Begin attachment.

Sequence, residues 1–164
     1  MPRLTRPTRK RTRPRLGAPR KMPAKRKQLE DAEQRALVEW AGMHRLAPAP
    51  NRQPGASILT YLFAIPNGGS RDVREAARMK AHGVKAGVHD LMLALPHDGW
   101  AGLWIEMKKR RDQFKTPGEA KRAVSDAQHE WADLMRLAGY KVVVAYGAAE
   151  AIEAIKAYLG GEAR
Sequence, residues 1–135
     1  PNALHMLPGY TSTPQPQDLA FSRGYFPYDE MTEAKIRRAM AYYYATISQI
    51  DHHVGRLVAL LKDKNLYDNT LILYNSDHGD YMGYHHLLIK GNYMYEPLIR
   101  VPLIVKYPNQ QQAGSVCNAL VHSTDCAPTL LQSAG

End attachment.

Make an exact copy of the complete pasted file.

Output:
Sequence, residues 1–164
     1  MPRLTRPTRK RTRPRLGAPR KMPAKRKQLE DAEQRALVEW AGMHRLAPAP
    51  NRQPGASILT YLFAIPNGGS RDVREAARMK AHGVKAGVHD LMLALPHDGW
   101  AGLWIEMKKR RDQFKTPGEA KRAVSDAQHE WADLMRLAGY KVVVAYGAAE
   151  AIEAIKAYLG GEAR
Sequence, residues 1–135
     1  PNALHMLPGY TSTPQPQDLA FSRGYFPYDE MTEAKIRRAM AYYYATISQI
    51  DHHVGRLVAL LKDKNLYDNT LILYNSDHGD YMGYHHLLIK GNYMYEPLIR
   101  VPLIVKYPNQ QQAGSVCNAL VHSTDCAPTL LQSAG